When Adam fell, instead of cutting His losses and annihilating His creation, He made a way. He sent His only Son. His only. He did not have to, but He did. And when Jesus walked this earth He could have chosen not to die. But instead He chose to do the will of the Father that we might be reconciled to Him. There is no other way back to God except through Jesus Christ.

“For I am persuaded that neither death or life, nor angels nor principalities nor powers, nor things present nor things to come, nor height nor depth, nor any other created thing, shall be able to separate us from the love of God which is in Christ Jesus our Lord.” (Romans 8:38-39 NKJV) People have twisted this verse to support an inclusive false doctrine. It does not mean that we cannot physically and spiritually be separated from God. It means what it says—that no matter what we do or where we go He will always love us.

Parents can understand this concept. A parent’s love for their child is all-encompassing—never ending. I love my children and because I do I guide, I correct, I discipline. “For whom the Lord loves He chastens, And scourges every son whom He receives. If you endure chastening, God deals with you as sons; for what son is there whom a father does not chasten? But if you are without chastening, of which all have become partakers, then you are illegitimate and not sons. Furthermore, we have had human fathers who corrected us, and we paid them respect. Shall we not much more readily be in subjection to the Father of spirits and live? For they indeed for a few days chastened us as seemed best to them, but He for our profit, that we may be partakers of His holiness.” (Hebrews 12:6-11 NKJV) I just have to say that again—that we may be partakers of His holiness.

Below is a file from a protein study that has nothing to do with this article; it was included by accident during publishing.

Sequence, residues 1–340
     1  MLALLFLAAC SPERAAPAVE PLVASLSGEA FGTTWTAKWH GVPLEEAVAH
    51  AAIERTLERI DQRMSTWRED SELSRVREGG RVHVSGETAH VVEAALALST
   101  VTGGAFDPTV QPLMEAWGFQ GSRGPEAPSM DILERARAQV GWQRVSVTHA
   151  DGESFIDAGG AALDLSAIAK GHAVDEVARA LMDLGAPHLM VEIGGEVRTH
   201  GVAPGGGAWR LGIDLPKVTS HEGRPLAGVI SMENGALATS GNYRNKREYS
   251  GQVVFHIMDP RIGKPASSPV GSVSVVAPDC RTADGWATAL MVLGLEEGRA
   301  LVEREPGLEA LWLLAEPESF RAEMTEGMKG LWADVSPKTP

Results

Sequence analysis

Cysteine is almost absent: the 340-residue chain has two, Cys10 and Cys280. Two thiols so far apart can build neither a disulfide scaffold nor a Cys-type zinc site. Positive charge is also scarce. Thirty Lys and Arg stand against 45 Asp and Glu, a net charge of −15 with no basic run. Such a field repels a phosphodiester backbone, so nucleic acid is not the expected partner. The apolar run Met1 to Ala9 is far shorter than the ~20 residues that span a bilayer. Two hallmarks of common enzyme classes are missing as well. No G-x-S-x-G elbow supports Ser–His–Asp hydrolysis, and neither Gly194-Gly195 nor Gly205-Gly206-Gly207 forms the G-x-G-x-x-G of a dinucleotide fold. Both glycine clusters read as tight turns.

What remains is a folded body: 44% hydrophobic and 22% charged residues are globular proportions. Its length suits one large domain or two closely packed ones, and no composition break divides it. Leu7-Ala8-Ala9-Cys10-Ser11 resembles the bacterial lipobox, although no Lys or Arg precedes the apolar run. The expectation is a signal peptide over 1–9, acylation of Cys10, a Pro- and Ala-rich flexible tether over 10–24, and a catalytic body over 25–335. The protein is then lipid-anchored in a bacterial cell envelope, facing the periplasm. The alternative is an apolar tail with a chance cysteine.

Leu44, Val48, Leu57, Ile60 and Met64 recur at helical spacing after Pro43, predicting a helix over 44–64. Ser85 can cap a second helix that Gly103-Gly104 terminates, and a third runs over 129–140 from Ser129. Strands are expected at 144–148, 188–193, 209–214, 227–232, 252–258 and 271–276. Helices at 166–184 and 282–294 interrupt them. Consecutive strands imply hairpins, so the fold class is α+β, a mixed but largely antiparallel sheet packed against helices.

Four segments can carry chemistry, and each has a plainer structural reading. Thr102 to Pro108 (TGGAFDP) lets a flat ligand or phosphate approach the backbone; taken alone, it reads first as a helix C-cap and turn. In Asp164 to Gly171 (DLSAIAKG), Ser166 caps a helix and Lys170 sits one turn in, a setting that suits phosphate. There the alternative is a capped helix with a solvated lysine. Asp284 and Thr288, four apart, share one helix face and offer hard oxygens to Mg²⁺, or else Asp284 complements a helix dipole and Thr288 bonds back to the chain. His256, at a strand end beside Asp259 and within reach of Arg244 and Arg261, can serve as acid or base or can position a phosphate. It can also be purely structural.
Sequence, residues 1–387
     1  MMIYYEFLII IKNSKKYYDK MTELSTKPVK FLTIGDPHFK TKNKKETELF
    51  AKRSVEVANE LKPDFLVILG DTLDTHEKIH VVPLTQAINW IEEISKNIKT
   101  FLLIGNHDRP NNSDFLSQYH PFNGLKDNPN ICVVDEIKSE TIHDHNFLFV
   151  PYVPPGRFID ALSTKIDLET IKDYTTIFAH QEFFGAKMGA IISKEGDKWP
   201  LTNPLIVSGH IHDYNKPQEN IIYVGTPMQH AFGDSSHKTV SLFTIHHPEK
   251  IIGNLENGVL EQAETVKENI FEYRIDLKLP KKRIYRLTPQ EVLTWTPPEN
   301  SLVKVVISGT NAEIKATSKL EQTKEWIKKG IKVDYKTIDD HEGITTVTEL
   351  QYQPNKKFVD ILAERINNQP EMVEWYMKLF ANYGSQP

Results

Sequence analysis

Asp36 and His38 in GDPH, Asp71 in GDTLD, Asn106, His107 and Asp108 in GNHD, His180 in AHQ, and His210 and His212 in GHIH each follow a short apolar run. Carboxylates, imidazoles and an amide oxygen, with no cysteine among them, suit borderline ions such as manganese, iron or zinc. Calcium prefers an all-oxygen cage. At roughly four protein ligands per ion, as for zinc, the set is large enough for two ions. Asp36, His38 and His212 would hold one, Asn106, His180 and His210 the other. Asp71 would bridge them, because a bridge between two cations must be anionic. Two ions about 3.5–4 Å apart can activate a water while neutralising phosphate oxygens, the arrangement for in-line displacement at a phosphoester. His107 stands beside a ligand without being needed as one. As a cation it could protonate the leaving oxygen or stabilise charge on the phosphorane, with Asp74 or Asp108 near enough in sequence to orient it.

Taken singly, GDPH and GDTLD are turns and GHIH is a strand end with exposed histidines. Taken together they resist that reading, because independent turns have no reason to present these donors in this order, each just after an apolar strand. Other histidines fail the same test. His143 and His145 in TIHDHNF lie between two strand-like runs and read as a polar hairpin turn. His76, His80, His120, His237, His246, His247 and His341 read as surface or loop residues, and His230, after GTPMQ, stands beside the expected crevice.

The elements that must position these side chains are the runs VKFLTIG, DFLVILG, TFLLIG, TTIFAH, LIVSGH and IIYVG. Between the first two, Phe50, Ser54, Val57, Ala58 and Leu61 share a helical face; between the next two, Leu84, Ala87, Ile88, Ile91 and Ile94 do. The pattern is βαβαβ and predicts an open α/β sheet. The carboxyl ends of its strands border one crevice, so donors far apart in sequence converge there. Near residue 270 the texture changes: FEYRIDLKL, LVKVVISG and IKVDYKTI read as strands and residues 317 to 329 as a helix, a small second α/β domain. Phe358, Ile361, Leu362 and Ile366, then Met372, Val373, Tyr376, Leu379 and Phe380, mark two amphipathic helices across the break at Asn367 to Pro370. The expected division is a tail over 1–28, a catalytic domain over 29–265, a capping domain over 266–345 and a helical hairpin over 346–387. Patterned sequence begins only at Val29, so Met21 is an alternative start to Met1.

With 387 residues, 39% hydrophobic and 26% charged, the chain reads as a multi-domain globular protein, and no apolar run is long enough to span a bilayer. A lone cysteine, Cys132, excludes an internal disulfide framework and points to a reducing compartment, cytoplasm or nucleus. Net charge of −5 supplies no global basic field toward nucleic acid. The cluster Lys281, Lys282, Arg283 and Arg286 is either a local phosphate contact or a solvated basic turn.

What people often forget amidst the love of God is—He is love; but He is also Holy, Righteous and Just. Nothing will EVER separate us from the love of God. He will always love us. Always. But He has given us the choice—free will. Deuteronomy 30:19 says, “I call heaven and earth as witnesses today against you, that I have set before you life and death, blessing and cursing; therefore choose life, that both you and your descendants may live.” Not only did He give us choice—He gave us the answer. Choose life!